Bleb leaks can occur early or late following glaucoma filtration surgeries, develop with or without infection, and develop more frequently in cases in which an antimetabolite is used.
Chicago-Bleb leaks can occur early (within 3 postoperative months) or late (after 3 months postoperatively) following filtration surgeries and develop with or without infection. Bleb leaks develop more frequently in cases in which an antimetabolite, such as mitomycin C (MMC) or 5-fluorouracil (5-FU), is used. Gloria Fleming, MD, addressed ways to avoid and manage this complication during Glaucoma Subspecialty Day at the American Academy of Ophthalmology annual meeting.
Most bleb leaks are straightforward, and the patients present with tearing, blurred vision, and nonspecific pain or discomfort; however, in other cases, the patients may be asymptomatic, the IOP might be low or normal, the bleb low or flat, surrounding conjunctival injection can be present, the anterior chamber can be normal to shallow, and the patient can have a positive Seidel test, Dr. Fleming pointed out. She is assistant professor of ophthalmology, Havener Eye Institute, Ohio State University, Columbus.
“Early-onset bleb leaks, which occur more frequently after fornix-based, rather than limbal-based, trabeculectomy, usually are related to an aspect of a surgeon’s surgical technique. They are often caused by wound dehiscence, a conjunctival button-hole defect, or a suture track defect,” she said.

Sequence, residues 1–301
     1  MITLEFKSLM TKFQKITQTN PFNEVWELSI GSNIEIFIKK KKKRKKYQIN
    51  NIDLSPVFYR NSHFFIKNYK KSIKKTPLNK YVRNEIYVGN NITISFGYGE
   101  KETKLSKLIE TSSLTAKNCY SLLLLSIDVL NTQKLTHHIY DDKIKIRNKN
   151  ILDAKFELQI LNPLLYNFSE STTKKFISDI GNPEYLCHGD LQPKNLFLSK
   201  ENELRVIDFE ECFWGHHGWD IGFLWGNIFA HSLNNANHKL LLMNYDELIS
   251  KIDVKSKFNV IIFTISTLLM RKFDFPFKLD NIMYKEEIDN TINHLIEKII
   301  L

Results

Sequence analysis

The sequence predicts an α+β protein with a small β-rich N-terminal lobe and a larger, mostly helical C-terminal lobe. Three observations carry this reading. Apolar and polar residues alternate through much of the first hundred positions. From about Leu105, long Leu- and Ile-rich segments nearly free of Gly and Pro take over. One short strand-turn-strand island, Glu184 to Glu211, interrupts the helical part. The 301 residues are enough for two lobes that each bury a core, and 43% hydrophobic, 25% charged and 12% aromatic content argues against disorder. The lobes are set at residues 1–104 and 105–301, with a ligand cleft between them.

A number of management options are possible, such as observation, reduction of aqueous outflow, and use of topical antibiotics or protective eyewear, among others. With an early-onset leak, the goals are to preserve the bleb architecture and function and avoid bleb failure, Dr. Fleming emphasized.
“Late-onset bleb leaks are a challenge,” she said. Many patients are symptomatic, so the true incidence is hard to determine. The incidence of late-onset bleb leaks increases with time; 5 years postoperatively, the probability of a bleb leak after trabeculectomy in which MMC is used is about 20%.
The main risk factor for development of a late-onset bleb leak is the use of antimetabolites intraoperatively, i.e., bleb leaks develop three times more often in cases in which MMC is used compared with 5-FU. Other factors that predispose to development of late-onset bleb leaks are avascular, thin-walled, cystic blebs, “ring of steel” fibrosis, and full-thickness procedures. Hypotony is a complication of late-onset leaks.
Importantly, late-onset bleb leaks set the stage for infections and carry a 26-fold increased risk compared with controls. One infection, blebitis, is more benign than endophthalmitis. Patients with blebitis usually can achieve their baseline visual acuity with resolution. The same is not true of patients with endophthalmitis, which is characterized by virulent organisms with the potential to produce exotoxins and cause serious visual deterioration.
“There is no consensus on management of late-onset bleb leaks, and decisions should be patient-specific based on the character and size of the bleb leak, glaucoma, severity, fellow eye status, the risk of a bleb-related infection, and patient adherence to follow-up care,” Dr. Fleming said.
“We have learned that by modifying our surgical technique, the flap, and the way in which the antimetabolite is applied, we can achieve a different type of bleb, specifically, one that is more diffuse, posterior, and low profile, which will allow us to move away from the high-risk blebs of the past,” she concluded.
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